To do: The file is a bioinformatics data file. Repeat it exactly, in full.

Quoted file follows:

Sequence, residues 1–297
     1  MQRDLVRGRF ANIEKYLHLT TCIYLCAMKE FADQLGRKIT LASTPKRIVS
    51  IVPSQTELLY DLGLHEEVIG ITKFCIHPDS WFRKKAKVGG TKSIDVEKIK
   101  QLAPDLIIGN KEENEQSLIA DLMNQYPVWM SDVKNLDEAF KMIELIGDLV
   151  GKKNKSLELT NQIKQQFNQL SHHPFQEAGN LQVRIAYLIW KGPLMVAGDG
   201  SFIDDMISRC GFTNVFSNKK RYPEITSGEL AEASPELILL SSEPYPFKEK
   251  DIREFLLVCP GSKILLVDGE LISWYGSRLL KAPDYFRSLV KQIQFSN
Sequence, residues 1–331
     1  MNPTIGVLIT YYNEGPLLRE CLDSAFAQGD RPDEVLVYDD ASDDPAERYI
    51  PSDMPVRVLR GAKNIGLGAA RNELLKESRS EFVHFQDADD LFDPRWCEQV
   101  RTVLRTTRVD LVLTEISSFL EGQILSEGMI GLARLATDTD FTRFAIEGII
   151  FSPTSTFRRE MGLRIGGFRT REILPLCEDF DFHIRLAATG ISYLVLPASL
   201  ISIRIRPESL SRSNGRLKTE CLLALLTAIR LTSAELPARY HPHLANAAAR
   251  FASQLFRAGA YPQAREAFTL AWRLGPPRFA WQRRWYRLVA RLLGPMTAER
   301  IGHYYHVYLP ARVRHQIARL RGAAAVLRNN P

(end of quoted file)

Sequence, residues 1–297
     1  MQRDLVRGRF ANIEKYLHLT TCIYLCAMKE FADQLGRKIT LASTPKRIVS
    51  IVPSQTELLY DLGLHEEVIG ITKFCIHPDS WFRKKAKVGG TKSIDVEKIK
   101  QLAPDLIIGN KEENEQSLIA DLMNQYPVWM SDVKNLDEAF KMIELIGDLV
   151  GKKNKSLELT NQIKQQFNQL SHHPFQEAGN LQVRIAYLIW KGPLMVAGDG
   201  SFIDDMISRC GFTNVFSNKK RYPEITSGEL AEASPELILL SSEPYPFKEK
   251  DIREFLLVCP GSKILLVDGE LISWYGSRLL KAPDYFRSLV KQIQFSN
Sequence, residues 1–331
     1  MNPTIGVLIT YYNEGPLLRE CLDSAFAQGD RPDEVLVYDD ASDDPAERYI
    51  PSDMPVRVLR GAKNIGLGAA RNELLKESRS EFVHFQDADD LFDPRWCEQV
   101  RTVLRTTRVD LVLTEISSFL EGQILSEGMI GLARLATDTD FTRFAIEGII
   151  FSPTSTFRRE MGLRIGGFRT REILPLCEDF DFHIRLAATG ISYLVLPASL
   201  ISIRIRPESL SRSNGRLKTE CLLALLTAIR LTSAELPARY HPHLANAAAR
   251  FASQLFRAGA YPQAREAFTL AWRLGPPRFA WQRRWYRLVA RLLGPMTAER
   301  IGHYYHVYLP ARVRHQIARL RGAAAVLRNN P